In a world as complex and conflicted as ours, maintaining integrity requires constant effort. Being true to ourselves, and to our own ideals, can often be very challenging. One of the ways in which it can be most challenging comes in the conflict between our expectations, conflicts, or biases about a person or a group, and some crucial moral choice about what is right or what is true.
The Rowfant Club of Cleveland, OH began over a hundred years ago, as a society for those who studied, appreciated, and, in particular, collected books. Rare and limited editions, especially. Besides promoting friendship and comradery among their members, from their earliest beginnings, the Rowfant Club existed in part to publish its own fine, collectible editions. In 1899, they published a special prestige edition of a previously-issued short story collection, written by a Charles W. Chestnutt, a Cleveland native. He had hopes that because they’d found his work worthy of publication, they might admit him to their special club, but his application was rejected on the grounds that “one or two members thought the time hadn’t come.” Charles W. Chestnutt was black, you see, and the here-to-date all white club didn’t feel ready for change. The usual spotty defenses of this sort of polite bigotry rang especially hollow in this instance, since the Rowfant Club didn’t have much of a tradition to lean on – it had only then been in existence for 7 years.
Charles Chestnutt’s response to this indignity became one of his most famous and well-regarded short stories. Its name, “Baxter’s Procrustes” hints at its ultra-fancy, overwrought language – the entire thing is a satire of how tastes and appearances interfere with the actual appreciation and honest criticism of art. The story is about a club of book-lovers – identical to the Rowfant Club – who greatly prize their limited editions and jealously protect their value. This was in an era of book-making when it was common to print multiple pages of a book on over-large pieces of paper and then fold them before binding them into the volume. The final copy of the book would have to have its pages cut in order to actually be read. Baxter, the main character in the story, is a member of the club but realizes that his fellows have so fetishized their first editions that no one actually reads them – they would have to destroy their value in order to do that. So when the time comes for the club to publish its next edition, he volunteers to provide some of his well-regarded poetry; and so every member of the club unwittingly manages to buy – and praise – a rare edition of a book whose pages are all blank on the inside.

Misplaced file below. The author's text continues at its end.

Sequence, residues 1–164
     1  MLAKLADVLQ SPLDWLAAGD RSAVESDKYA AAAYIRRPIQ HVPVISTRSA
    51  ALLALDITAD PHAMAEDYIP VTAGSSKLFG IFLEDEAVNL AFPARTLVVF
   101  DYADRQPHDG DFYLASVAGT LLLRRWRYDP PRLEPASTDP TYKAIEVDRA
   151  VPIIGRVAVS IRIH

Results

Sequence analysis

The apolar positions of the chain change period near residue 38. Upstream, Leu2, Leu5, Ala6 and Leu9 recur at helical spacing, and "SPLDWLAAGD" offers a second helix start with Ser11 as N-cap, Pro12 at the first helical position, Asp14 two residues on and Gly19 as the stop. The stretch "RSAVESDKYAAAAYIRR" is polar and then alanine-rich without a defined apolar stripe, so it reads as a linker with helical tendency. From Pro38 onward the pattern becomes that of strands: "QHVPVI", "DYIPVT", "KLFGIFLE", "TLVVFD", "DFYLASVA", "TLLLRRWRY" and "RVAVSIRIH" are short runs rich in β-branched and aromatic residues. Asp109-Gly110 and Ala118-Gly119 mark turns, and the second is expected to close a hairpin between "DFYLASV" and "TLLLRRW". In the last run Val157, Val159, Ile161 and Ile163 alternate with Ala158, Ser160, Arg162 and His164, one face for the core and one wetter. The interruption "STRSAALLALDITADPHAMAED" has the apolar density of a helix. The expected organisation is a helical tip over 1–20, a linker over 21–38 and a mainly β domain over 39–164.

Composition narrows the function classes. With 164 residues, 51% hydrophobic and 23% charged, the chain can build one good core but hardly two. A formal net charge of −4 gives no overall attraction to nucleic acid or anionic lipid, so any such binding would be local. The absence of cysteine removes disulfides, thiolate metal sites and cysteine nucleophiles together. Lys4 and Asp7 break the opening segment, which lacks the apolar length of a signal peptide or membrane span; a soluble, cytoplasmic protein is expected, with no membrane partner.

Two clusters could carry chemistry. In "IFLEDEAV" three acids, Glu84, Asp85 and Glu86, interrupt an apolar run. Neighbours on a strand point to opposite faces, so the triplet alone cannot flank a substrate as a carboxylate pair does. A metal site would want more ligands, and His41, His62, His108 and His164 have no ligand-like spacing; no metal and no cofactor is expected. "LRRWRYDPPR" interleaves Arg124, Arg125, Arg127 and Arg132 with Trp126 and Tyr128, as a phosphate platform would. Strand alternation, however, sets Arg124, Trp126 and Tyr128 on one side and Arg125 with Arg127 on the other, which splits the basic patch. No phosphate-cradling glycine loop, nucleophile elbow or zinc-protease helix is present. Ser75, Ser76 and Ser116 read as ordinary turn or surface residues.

Chestnutt’s satire of the Rowfant Club wasn’t about race, ostensibly. But it was about how assumptions and biases often lead us to judge a book literally without reading it. Certainly, that does apply to racism and all other forms of oppression-born bias. But it also extends even beyond that. The impulse to think “someone I trust, or like, or who is similar to me in some way said it, so it must be true, or did it, so it must be right,” is powerful and persistent. As is its opposite.
In a passage in the Gospels, the apostles – the leading students of the teacher Jesus, had been arguing with each other over who was the greatest in the eyes of their teacher. Hoping to win favor, one of them came to him and declared, “Master, we saw someone we did not know casting out demons in your name and we told them to stop, because they were not with us.” Casting out demons was one of Jesus’ signature moves – the apple-polishing apostle seems to expect praise for engaging in pro-active brand-management on his teacher’s behalf. But instead praise, Jesus gave the opposite. He told the student he was wrong, and not to do the same again because, as he put it, “whoever is not against us is with us.” No further mention is made in the story of who this unknown exorcist might have been – someone whose faith was powerful enough, apparently, for them to at least attempt miracles in Jesus’ name without his presence or even necessarily his knowledge. Perhaps they received the rebuke from the apostle and persisted. Perhaps they thought, “This one knows the teacher personally, where I do not; he must be right and I must be wrong.” If it was the latter, than their spiritual activism was just one of the countless things the world has lost because those with gifts to share were driven from them when they trusted the authority of others over their own inner calling.